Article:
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Online game backs away from privacy threat

Sony's popular online game EverQuest dodges a public relations bullet after some players point to a potentially massive violation of their privacy.

Sony's popular online game EverQuest dodged a public relations bullet today, as a new policy was rescinded after some players had called it a potentially massive violation of their privacy.

Game developers Verant Interactive, worried about tools which allow people to cheat or disrupt the online game, wanted to examine players' personal computers for "hacking tools" as a part of a new software upgrade. As recently as last night, executives said they would bar people from the game who didn't agree to open their systems to the digital bloodhounds' inspection.

But after an outcry on electronic bulletin boards devoted to the game and threats by some devoted players to leave the game, the company backtracked.

"We can admit when we make mistakes, and I believe this is a case where we owe an apology to our player base," wrote Verant Interactive chief executive John Smedley in a message to players this afternoon. "In our haste to try and thwart people from damaging the game, we went overboard."

Privacy concerns have been an increasingly potent weapon with which consumers can change corporate policy online. Recent concerns over Internet advertising firm DoubleClick's plans to collect and distribute personal information gave that company's reputation a black eye and forced it to swerve from its goals.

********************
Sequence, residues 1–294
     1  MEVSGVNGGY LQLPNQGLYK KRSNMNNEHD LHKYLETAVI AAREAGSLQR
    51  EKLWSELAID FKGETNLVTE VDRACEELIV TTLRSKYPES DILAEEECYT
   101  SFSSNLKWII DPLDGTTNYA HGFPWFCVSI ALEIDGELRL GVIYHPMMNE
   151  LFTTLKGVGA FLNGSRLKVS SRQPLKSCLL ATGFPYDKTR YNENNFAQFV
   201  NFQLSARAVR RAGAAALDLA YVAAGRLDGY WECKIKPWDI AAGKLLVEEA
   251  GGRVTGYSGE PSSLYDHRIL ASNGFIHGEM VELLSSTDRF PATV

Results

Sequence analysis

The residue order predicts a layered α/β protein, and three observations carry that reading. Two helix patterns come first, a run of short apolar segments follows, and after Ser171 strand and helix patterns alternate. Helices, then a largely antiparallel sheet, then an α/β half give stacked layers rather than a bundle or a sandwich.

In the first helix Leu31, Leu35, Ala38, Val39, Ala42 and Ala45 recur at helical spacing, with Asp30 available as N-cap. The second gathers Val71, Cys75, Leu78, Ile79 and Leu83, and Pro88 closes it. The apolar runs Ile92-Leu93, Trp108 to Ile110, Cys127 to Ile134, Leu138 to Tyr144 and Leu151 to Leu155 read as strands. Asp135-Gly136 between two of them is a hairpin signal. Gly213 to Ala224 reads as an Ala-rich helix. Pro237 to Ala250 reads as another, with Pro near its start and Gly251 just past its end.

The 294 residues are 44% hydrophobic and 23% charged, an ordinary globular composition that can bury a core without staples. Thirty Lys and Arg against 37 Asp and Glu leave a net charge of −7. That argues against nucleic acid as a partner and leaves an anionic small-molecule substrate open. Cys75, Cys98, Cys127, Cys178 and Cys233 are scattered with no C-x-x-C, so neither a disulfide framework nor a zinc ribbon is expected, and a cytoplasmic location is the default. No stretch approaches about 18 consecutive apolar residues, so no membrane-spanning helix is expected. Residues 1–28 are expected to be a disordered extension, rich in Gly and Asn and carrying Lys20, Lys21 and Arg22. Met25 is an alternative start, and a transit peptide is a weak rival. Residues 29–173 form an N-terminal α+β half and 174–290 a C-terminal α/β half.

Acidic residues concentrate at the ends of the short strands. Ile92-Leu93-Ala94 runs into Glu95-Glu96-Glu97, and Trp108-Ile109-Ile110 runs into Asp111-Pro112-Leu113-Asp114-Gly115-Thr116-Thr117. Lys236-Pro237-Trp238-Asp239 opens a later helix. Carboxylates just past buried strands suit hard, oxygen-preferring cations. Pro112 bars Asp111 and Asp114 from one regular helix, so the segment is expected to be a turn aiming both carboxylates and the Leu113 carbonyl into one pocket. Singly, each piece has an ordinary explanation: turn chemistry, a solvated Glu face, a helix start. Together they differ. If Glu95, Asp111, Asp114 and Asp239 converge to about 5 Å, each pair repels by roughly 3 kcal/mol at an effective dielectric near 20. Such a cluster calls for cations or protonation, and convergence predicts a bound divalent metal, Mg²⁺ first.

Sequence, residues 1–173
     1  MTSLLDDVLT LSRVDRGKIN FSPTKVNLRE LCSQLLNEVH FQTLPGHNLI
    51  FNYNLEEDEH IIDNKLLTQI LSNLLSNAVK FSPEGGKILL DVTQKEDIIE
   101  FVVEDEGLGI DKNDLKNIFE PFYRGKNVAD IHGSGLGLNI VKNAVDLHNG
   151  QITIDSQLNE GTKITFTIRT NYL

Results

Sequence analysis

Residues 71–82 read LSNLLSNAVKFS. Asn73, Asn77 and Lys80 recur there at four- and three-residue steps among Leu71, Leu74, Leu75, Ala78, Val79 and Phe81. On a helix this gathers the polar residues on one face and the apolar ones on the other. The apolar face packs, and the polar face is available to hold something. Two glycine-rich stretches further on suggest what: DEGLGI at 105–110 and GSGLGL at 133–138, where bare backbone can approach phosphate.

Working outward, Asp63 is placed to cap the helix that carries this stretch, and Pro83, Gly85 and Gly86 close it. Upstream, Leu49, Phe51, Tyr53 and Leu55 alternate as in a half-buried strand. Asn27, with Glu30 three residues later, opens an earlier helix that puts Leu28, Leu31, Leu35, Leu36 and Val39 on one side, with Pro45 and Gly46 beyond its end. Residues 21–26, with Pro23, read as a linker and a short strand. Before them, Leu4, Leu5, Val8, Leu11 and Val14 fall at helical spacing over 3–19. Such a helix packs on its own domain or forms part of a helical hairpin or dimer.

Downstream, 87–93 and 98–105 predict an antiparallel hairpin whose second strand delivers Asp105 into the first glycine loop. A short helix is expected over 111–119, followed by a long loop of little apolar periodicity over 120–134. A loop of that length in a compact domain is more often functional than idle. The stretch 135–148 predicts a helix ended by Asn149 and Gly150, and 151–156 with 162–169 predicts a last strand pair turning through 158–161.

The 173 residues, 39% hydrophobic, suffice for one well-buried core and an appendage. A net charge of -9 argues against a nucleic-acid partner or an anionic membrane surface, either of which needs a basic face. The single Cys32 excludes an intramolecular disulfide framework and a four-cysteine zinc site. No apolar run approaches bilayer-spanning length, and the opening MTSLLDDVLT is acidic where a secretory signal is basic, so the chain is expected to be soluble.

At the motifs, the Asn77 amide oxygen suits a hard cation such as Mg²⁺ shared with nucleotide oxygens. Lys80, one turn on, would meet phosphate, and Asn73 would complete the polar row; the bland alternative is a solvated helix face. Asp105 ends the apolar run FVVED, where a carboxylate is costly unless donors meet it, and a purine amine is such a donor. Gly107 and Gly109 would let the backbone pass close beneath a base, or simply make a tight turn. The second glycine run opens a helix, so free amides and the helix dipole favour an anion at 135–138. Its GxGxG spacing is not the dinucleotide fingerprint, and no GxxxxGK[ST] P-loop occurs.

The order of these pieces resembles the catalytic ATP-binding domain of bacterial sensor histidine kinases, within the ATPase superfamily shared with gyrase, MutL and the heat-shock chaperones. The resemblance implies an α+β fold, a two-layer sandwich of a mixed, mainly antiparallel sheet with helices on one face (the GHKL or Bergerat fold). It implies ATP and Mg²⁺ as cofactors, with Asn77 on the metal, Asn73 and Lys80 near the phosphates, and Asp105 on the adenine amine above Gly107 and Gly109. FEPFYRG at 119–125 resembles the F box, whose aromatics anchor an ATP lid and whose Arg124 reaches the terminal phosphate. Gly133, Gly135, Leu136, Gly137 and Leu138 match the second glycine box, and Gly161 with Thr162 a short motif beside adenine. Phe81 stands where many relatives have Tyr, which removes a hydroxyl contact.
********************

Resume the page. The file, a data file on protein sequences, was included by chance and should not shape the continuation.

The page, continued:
Even companies as powerful as Intel have been affected, as when the chipmaker backed away from its controversial Pentium III "serial number" identification system.

EverQuest is one of the most popular "massively multiplayer" games now on the market. Like peers Ultima Online or Asheron's Call, it creates an online world in which tens of thousands of players can interact at once.

But the game's Security, privacy issues make Net users uneasydevelopers were concerned about unauthorized software that apparently gave some players extra information that they could use to take advantages of others, or even try to disrupt the game's servers.

In a message to players yesterday, the company said it was changing its game software to include a small program that would identify these "hacking" programs when players tried to use them.

"You also grant us permission to access, extract and upload ? data relating to any program that we, in our reasonable discretion, determine interferes with the proper operation of EverQuest," the new clause read.

After the complaints erupted, the company took an online poll this morning and had backed down by late this afternoon.